The driver accused of intentionally hitting a group of pedestrians in Northern California attacked people he believed were Muslims, police said.
Two hate crime charges will be added to the eight counts of attempted murder already leveled against Isaiah Peoples, 34, the Santa Clara County District Attorney’s Office said. The charges will be officially filed Thursday.
Peoples is scheduled to appear in court Thursday afternoon in San Jose.
“Prejudice is not harmless,” District Attorney Jeff Rosen said. “Someone’s child is in critical condition today because of someone’s ignorance and hatred. So today, we stand with her and her family, and all of our Muslim and Indian neighbors.”
A 13-year-old was among the eight people injured in last month’s attack in Sunnyvale, about 9 miles west of San Jose. The girl’s father and brother were also injured, police said.
Defense attorney Chuck Smith did not enter a plea during a hearing last month, instead asking a judge to postpone his arraignment.
“Absolutely we are disputing that this was an intentional act, and this is a case of mental disorder,” he said, adding that his client is a religious man who is praying for the people who were hurt.
An Army veteran who was doing contract work for the US Department of Defense, Peoples is accused of driving his Toyota Corolla into the crowd at a major intersection in the city of 140,000 on the evening of April 23. He was on his way to a Bible study group, investigators said.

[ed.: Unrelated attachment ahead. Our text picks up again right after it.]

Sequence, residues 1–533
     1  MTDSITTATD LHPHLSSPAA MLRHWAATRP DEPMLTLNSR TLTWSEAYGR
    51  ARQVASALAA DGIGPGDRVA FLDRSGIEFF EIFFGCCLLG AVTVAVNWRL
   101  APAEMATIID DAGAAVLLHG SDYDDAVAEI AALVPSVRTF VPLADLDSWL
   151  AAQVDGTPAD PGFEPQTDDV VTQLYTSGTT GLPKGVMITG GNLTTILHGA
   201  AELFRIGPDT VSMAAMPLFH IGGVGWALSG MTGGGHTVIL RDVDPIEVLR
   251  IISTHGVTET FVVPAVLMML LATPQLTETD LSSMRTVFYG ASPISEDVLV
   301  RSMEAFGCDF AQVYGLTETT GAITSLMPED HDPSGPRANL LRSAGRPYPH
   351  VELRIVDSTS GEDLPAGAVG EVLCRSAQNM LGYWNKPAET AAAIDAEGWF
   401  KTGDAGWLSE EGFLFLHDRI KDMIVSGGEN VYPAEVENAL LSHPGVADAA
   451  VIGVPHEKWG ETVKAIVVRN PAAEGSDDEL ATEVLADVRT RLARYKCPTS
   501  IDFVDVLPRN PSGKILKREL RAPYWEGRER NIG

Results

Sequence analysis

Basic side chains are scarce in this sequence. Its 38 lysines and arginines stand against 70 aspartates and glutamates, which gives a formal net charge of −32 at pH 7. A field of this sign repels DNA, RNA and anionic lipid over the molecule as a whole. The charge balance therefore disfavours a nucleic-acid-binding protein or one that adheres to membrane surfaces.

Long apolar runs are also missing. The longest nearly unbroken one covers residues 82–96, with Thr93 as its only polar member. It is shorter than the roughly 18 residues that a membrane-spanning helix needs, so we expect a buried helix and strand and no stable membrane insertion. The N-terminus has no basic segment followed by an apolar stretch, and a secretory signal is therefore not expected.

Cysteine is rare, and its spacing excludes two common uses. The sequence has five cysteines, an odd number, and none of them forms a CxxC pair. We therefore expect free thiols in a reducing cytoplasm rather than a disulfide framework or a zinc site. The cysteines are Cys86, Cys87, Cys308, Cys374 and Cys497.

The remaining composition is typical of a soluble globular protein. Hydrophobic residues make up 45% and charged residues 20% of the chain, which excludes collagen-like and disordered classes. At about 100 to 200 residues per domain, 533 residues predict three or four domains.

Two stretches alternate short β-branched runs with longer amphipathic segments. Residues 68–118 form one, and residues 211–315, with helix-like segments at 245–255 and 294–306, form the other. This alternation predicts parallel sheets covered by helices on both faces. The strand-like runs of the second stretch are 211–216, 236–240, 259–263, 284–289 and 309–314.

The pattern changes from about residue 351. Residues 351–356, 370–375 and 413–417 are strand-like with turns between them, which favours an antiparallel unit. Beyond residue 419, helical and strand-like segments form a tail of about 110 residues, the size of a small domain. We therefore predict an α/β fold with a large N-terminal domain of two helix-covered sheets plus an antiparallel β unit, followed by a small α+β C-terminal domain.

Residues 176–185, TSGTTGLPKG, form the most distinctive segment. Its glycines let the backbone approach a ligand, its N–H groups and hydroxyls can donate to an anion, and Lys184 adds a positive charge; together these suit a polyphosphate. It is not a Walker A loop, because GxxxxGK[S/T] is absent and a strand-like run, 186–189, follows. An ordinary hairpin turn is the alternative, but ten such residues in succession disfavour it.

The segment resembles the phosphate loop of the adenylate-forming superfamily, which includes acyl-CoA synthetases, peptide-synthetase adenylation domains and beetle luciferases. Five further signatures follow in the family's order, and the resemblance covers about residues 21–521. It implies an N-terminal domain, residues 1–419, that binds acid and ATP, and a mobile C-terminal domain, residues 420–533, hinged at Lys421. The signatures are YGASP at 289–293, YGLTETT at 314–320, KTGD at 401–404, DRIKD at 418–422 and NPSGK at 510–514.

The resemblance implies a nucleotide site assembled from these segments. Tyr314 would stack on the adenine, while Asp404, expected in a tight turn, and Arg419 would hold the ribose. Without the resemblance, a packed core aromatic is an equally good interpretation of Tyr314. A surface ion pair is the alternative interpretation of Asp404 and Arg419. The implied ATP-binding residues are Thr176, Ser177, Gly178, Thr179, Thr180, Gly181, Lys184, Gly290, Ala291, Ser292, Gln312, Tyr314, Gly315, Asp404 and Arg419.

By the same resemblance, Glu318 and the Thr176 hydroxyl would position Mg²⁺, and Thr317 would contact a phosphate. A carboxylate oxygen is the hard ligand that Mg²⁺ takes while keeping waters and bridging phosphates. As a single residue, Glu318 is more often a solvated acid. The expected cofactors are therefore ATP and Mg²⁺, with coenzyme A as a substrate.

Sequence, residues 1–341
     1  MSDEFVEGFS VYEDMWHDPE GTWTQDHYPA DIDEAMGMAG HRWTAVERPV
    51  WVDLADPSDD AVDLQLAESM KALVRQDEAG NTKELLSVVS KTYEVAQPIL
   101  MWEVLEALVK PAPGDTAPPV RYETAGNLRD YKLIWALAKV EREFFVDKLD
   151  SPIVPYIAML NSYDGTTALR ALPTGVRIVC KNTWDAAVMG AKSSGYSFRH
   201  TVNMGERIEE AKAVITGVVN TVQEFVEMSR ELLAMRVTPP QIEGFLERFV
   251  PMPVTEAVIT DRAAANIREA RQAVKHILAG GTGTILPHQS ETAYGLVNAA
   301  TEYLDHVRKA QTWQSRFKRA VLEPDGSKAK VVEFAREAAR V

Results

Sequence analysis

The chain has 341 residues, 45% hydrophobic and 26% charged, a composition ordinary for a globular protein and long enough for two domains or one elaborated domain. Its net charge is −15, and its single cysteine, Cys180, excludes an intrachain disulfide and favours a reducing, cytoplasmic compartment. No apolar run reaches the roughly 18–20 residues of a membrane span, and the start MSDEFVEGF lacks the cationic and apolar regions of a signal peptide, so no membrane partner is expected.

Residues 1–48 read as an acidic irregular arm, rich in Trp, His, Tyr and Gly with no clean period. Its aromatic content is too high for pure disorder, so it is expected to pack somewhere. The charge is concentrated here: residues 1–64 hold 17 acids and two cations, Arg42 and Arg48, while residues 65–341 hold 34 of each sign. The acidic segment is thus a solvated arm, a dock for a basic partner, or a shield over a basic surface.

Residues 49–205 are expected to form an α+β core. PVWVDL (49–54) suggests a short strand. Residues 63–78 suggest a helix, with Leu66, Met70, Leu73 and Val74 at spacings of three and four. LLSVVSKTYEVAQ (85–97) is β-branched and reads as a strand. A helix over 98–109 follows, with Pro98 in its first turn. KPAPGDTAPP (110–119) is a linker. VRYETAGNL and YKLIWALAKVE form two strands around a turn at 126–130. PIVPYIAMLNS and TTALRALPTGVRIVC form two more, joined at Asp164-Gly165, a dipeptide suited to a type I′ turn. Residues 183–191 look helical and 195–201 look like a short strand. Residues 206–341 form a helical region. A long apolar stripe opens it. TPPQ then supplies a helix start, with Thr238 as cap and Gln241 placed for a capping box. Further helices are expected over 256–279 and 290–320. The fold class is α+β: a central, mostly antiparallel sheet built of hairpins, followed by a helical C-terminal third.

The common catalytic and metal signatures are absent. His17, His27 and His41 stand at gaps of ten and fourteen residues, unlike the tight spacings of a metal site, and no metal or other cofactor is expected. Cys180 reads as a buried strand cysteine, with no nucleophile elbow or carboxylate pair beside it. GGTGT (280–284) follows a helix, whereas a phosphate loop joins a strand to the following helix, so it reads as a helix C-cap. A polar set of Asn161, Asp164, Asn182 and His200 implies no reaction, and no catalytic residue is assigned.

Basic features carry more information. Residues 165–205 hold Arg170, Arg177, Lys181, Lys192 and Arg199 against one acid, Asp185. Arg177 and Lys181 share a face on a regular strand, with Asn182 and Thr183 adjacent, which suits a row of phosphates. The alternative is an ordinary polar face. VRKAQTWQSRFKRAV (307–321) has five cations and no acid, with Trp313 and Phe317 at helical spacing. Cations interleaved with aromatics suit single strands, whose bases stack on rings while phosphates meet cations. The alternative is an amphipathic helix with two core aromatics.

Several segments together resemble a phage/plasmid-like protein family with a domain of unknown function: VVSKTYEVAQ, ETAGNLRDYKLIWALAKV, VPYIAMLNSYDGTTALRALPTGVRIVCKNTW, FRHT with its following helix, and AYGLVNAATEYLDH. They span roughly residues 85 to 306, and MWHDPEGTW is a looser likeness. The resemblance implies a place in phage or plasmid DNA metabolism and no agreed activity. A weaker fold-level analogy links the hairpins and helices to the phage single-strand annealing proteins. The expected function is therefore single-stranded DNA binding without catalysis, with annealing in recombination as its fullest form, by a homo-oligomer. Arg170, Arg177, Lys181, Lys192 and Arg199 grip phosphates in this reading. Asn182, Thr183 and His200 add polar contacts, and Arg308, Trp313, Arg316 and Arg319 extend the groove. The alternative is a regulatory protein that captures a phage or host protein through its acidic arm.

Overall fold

The Sunnyvale resident crashed his car at the scene and was taken into custody, police said. Those injured ranged in age from 9 to 52 years old. Peoples showed no remorse, police said.
Police originally said Peoples believed his victims were Muslim, but in Thursday’s announcement, prosecutors said “he thought they were Muslim and/or Indian.”
“Hate crime allegations can be filed when a defendant targets a person or group due to their disability, gender, nationality, race or ethnicity, religion or sexual orientation,” the prosecutor’s office said.
Chief Assistant District Attorney Jay Boyarsky said last month, as Rosen’s office was investigating the matter and contemplating hate crime charges, that Peoples targeted one or two of the pedestrians based on his perception of their race or religion.
If convicted, People faces a maximum sentence of life in prison.
CNN’s Stella Chan and Nicole Chavez contributed to this report.